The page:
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This item is a game information page
It belongs to categories: Orthodox chess, 
It was last modified on: 2001-09-29
 Author: Hans L. Bodlaender. Inventor: Dr. Francesco  Piacenza. Archchess. Large chess variant from 17th century Italy. (10x10, Cells: 100) [All Comments] [Add Comment or Rating]
George Duke wrote on 2016-10-18 UTCGood ★★★★

ArchChess in the 17th century has what we call now Squirrel, D+A+N. Recently there was Hippogriff found in Tamerlane Chess of 14th century, where Hippogriff restricts 13th century Grande Acedrex Gryphon to its distant squares. Tamerlane or Timur's also has Dabbabah, so the Dabbabah had been around for ArchChess to pick up and make the probably first tri-compound it calls Centurion, settled on as Squirrel or Betzan AND today -- the order does not matter in Funny Notation compounds, so long as they are not sequential or double move pieces.

So Quintessential Chess is one new CV using 17th century Centurion/Squirrel, and there are 19th C. games with Squirrel for a continual line of succession.

Greg Strong wrote on 2005-02-08 UTCGood ★★★★
I have played this game many times now, and consider it to be very good. It would rate 'Excellent' compaired to other CVs of its era (I like it better than Carrera's Game.) I think Archchess would be even better, though, on a 10x8 board.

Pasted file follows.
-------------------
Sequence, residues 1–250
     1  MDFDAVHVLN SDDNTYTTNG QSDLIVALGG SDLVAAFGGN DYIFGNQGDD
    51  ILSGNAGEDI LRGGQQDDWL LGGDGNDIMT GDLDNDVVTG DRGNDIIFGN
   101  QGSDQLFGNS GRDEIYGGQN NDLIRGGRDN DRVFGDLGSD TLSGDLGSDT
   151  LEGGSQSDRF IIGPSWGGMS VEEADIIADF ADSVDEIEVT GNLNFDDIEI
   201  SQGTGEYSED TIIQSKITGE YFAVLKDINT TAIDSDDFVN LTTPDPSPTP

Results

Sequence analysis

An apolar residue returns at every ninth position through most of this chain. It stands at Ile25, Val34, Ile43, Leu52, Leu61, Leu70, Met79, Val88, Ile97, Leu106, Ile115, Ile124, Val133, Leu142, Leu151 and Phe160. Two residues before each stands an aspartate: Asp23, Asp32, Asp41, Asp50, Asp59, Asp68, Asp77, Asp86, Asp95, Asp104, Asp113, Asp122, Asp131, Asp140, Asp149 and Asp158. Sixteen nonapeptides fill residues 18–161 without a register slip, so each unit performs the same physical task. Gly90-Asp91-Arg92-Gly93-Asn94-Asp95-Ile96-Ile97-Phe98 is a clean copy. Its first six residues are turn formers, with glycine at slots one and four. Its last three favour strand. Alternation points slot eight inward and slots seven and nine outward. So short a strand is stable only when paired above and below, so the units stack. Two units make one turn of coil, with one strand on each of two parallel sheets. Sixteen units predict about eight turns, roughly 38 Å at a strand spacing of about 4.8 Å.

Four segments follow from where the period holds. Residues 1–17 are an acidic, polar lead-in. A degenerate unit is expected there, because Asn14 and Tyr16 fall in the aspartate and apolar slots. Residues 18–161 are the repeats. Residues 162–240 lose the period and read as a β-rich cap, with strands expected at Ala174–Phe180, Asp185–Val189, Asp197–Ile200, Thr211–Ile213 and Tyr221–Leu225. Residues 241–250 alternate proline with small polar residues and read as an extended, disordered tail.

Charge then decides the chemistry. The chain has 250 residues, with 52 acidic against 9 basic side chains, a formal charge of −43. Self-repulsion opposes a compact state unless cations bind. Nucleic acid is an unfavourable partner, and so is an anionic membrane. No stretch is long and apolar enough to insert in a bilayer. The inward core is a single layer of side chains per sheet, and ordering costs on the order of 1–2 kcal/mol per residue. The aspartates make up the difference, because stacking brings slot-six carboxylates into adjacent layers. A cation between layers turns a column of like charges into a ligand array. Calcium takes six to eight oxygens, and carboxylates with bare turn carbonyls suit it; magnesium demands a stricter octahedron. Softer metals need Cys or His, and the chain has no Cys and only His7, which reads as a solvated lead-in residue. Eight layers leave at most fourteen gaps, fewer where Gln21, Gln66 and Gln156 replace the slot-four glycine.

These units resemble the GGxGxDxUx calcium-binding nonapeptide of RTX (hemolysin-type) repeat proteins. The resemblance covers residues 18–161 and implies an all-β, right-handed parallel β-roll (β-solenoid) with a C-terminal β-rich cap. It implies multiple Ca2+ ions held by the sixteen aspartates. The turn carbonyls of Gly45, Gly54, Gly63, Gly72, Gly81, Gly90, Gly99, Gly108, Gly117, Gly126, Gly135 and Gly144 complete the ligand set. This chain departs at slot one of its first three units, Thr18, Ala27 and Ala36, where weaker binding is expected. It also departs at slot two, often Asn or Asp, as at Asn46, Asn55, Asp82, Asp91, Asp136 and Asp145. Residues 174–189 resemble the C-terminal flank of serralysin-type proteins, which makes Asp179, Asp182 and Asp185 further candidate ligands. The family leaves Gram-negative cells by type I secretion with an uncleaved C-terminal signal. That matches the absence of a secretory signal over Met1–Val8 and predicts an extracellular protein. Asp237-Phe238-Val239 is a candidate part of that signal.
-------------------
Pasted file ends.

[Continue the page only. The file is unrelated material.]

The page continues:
George Duke wrote on 2005-02-07 UTCGood ★★★★
'ABCLargeCV': With low piece-density(40%) and Pawn's needing strengthening by later CV standards, Archchess from about 1683 features a new piece Centurion. Squirrel is now the favoured name for the type of three-directional two-square leaper. One good use of Centurion/Squirrel is 2002 Quintessential Chess. Contrast the power density here with 17th-century Carrera Chess' high power density. Archchess has not so many major pieces and two more rows than Carrera's; both factors contribute to its relatively low PD. The two forms of chess originate in southern Europe which had the best players then.

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